Success Story

Steam Makes Melons Safer

Foodborne illnesses from contaminated produce sicken 1.2 million people each year in the United States. A USDA study shows that steam-treating cantaloupes can reduce pathogens. (Photo credit: USDA)

An Agricultural Research Service (ARS) scientist in Wyndmoor, Pennsylvania, has shown that a relatively inexpensive steam-cleaner—designed to remove wallpaper and clean outdoor grills, kitchen counters, and other household surfaces—can rid cantaloupes, and possibly other produce, of Escherichia coli, Salmonella, and Listeria more effectively than existing washes and chlorine treatments.

The technology could reduce the number of foodborne outbreaks from contaminated produce, which each year cause an estimated 1.2 million illnesses, 7,100 hospitalizations, and 134 deaths. They also generate $1.4 billion in illness-related costs according to the U.S. Centers for Disease Control and Prevention.

Dike Ukuku and his colleagues at the ARS Food Safety and Intervention Technologies Unit in Wyndmoor submersed 24 cantaloupes in a bath inoculated with E. coli, Salmonella and Listeria strains, and then dried and refrigerated them at 41°F for 7 days. They then used a commercially available power steamer to steam-clean the cantaloupes by sweeping the spray nozzle across the fruit for 3 minutes. The nozzle was placed 3 inches from the cantaloupe, a distance that produced steam of 154°F at the point of contact, a temperature that was hot enough to kill surface pathogens but not damage the fruit.

The team used a 915 Wagner Power Steamer, but any steamer generating the same heat would likely produce similar results.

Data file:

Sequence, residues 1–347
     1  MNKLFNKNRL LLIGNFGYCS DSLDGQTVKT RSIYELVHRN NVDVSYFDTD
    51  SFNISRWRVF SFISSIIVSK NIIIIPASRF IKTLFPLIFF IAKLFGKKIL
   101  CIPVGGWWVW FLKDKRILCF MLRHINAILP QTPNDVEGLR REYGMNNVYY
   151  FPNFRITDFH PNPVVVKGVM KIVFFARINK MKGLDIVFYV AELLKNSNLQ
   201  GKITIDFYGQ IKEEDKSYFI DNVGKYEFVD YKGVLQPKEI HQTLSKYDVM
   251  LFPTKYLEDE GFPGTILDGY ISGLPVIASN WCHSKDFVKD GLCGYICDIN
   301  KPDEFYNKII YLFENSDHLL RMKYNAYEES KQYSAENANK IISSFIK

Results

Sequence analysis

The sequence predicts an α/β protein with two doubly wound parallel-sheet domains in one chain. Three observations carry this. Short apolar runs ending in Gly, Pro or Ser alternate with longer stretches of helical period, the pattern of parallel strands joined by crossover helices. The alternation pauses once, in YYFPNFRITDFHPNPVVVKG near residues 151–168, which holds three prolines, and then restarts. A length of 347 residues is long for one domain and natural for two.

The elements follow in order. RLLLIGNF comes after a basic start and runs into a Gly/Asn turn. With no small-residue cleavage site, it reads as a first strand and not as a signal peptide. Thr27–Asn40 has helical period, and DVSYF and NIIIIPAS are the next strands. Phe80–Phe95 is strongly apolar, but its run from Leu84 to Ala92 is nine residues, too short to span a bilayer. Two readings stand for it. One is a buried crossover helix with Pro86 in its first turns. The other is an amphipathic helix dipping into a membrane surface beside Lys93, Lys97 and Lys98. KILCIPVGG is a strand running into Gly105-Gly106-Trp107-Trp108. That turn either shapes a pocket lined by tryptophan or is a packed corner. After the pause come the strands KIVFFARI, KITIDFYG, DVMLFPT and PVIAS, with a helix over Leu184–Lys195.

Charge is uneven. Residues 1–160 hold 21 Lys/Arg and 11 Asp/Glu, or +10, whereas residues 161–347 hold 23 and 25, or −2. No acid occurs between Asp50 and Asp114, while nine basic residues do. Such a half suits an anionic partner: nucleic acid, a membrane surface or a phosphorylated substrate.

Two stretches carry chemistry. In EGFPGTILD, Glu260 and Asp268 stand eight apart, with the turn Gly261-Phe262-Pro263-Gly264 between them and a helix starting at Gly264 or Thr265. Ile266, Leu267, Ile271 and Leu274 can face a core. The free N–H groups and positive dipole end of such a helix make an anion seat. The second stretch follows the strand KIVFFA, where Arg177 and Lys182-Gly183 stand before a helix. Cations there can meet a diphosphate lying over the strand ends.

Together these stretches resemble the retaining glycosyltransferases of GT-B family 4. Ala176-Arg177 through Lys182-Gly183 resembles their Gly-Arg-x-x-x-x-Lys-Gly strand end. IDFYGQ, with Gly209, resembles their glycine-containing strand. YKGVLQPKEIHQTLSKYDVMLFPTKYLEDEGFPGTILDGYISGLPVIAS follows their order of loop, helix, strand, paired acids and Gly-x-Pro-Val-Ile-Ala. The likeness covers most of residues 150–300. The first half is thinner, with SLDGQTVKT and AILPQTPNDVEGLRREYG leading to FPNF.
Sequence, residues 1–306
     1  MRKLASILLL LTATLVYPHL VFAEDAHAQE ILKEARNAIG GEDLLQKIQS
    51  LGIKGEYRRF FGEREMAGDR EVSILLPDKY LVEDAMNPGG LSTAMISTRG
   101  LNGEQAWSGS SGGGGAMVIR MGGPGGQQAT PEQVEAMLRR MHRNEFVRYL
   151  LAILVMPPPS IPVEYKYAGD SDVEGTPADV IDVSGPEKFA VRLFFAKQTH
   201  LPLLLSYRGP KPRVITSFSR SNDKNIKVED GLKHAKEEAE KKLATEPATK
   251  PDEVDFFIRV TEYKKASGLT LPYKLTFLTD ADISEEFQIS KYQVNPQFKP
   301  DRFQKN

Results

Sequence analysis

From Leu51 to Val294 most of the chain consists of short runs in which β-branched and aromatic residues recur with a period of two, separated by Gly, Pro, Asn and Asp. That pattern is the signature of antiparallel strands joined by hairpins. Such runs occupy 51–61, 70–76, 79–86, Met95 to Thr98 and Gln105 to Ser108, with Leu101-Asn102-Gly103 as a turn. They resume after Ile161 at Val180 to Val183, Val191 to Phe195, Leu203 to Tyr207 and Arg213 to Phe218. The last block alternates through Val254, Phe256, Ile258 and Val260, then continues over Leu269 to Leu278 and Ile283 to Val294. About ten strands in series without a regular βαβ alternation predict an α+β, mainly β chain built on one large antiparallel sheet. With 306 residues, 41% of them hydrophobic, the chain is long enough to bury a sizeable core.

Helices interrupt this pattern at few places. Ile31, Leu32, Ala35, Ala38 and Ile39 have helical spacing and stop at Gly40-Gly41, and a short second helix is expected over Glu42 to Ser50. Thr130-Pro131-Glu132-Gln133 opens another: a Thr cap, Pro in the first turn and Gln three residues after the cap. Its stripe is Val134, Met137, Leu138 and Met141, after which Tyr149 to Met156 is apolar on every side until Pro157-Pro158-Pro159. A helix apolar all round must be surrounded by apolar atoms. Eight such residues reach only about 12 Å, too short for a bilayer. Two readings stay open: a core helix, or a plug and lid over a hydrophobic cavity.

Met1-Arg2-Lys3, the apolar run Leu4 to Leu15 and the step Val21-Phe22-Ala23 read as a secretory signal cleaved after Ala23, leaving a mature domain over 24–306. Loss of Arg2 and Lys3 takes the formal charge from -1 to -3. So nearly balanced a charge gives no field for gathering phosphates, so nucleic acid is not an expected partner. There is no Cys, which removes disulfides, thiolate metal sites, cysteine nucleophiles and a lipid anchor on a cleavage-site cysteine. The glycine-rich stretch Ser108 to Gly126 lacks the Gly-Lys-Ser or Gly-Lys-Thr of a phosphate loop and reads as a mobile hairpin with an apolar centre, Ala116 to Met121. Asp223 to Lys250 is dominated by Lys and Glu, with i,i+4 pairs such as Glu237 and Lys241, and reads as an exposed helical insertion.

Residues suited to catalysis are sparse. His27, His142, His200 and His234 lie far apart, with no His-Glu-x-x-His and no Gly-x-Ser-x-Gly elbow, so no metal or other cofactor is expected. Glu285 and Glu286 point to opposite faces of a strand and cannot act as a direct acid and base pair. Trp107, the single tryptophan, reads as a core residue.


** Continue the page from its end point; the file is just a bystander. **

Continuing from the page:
Some cantaloupes were cut up immediately after being steamed. Others were stored for 7 days at 41°F and then cut up.

The results showed that the steam treatment was effective at killing the pathogens. Pathogen levels were generally 1,000 times lower on the surfaces of steam-treated melons (99.9% reduction) and were undetectable on the cut-up pieces. Surface pathogen levels were about 100 times lower than those found on cantaloupes sanitized with chlorine.

The cut-up melon pieces showed no undue softening, discoloration or unwanted odors, either right after the treatment or up to 7 days later. The researchers refrigerated treated melons for 29 days to check for abnormal ripening, decay, and defects—and found none.

The technique may also be used to sanitize watermelons, honeydew melons, cucumbers and baby carrots, Ukuku said.

Ukuku realizes that consumers are unlikely to start “steam-cleaning” their produce, but his work shows that the technique could be used to sanitize produce without significantly adding to food processing costs. Processors and distributors could apply steam when cantaloupes are put into washers or as they pass along on conveyor belts during processing, he said.

The original article, which appeared in the March 2017 issue of USDA’s AgResearch Magazine, can be viewed here.